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NCPD Article

Cardiac Toxicity: Using Angiotensin-Converting Enzyme Inhibitors to Prevent Anthracycline-Induced Left Ventricular Dysfunction and Cardiomyopathy

Catherine Andrea Kobza
CJON 2021, 25(3), 259-266 DOI: 10.1188/21.CJON.259-266

Background: Anthracycline chemotherapies are effective in many different types of cancer. However, cumulative doses are associated with irreversible cardiac toxicity, most frequently manifested in the development of left ventricular dysfunction, cardiomyopathy, and congestive heart failure. The onset of cardiomyopathy and subsequent heart failure can result in the interruption or discontinuation of therapy. Cardioprotective agents, particularly angiotensin- converting enzyme inhibitors, have been shown to slow the progression of left ventricular dysfunction and prevent heart failure.

Objectives: This review assesses the efficacy of angiotensin-converting enzyme inhibitors in the prevention of anthracycline-induced left ventricular dysfunction.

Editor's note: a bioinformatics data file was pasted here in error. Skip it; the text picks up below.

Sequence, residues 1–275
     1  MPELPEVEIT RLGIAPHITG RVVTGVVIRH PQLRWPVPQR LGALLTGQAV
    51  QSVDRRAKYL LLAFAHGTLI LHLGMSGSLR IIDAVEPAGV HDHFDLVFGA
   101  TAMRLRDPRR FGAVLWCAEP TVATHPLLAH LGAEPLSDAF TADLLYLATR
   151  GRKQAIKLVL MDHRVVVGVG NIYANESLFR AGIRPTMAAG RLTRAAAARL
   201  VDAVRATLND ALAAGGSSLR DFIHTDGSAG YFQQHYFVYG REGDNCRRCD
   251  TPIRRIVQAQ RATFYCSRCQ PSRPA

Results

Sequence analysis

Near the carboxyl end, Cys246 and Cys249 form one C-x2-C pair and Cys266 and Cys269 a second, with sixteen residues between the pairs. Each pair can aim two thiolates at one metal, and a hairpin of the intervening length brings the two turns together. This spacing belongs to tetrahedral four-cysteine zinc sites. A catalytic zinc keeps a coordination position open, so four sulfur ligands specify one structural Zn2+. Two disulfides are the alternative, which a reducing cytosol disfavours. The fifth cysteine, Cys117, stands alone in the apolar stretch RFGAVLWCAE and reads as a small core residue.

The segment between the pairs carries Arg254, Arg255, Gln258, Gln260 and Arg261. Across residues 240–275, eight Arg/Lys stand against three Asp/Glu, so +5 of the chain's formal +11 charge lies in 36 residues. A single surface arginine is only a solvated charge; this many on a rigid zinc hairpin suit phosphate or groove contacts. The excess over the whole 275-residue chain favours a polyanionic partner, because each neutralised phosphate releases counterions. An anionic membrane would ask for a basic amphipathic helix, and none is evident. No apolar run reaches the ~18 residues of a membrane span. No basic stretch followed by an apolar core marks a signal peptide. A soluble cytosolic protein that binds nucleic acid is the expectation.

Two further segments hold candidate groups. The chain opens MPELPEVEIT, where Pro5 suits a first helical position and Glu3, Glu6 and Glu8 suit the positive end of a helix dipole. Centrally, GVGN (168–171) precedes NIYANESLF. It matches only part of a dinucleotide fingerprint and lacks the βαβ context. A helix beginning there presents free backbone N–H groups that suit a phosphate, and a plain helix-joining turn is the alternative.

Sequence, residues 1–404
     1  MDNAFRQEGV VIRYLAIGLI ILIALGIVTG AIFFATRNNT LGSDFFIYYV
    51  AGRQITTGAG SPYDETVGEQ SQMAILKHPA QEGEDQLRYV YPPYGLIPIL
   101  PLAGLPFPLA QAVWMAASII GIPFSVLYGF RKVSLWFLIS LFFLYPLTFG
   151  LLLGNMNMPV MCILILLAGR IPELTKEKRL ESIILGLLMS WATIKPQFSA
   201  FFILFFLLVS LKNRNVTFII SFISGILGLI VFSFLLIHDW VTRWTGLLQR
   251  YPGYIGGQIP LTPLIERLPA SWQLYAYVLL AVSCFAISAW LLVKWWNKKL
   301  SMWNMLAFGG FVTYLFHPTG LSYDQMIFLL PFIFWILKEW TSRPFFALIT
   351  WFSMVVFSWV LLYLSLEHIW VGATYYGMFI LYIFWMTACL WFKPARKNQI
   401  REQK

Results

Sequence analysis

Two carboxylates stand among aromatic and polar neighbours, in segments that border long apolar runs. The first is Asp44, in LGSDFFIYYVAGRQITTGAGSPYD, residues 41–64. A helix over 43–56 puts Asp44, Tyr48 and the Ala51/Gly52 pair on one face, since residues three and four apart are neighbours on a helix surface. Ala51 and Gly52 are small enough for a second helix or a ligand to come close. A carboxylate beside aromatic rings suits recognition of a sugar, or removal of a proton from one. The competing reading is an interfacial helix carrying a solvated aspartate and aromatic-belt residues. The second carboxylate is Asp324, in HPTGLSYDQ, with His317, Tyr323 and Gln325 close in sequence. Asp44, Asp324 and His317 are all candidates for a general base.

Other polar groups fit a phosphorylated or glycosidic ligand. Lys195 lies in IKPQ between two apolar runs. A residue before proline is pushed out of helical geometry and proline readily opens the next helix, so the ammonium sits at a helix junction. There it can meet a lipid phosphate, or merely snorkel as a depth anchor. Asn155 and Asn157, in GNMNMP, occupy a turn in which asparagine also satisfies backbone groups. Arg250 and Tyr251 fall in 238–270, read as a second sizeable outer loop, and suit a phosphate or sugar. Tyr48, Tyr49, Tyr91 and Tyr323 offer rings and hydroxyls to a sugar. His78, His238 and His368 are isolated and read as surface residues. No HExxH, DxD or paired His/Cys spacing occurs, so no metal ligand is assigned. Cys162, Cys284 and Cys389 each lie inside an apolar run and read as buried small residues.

Methods: A literature search was performed using four electronic databases: PubMed®, Scopus, Cochrane Library, and Ovid®. Five relevant articles are included in this review.

Findings: Evidence from this review suggests that angiotensin-converting enzyme inhibitors may be effective in preventing or reducing anthracycline- induced left ventricular dysfunction and subsequent cardiomyopathy and heart failure.

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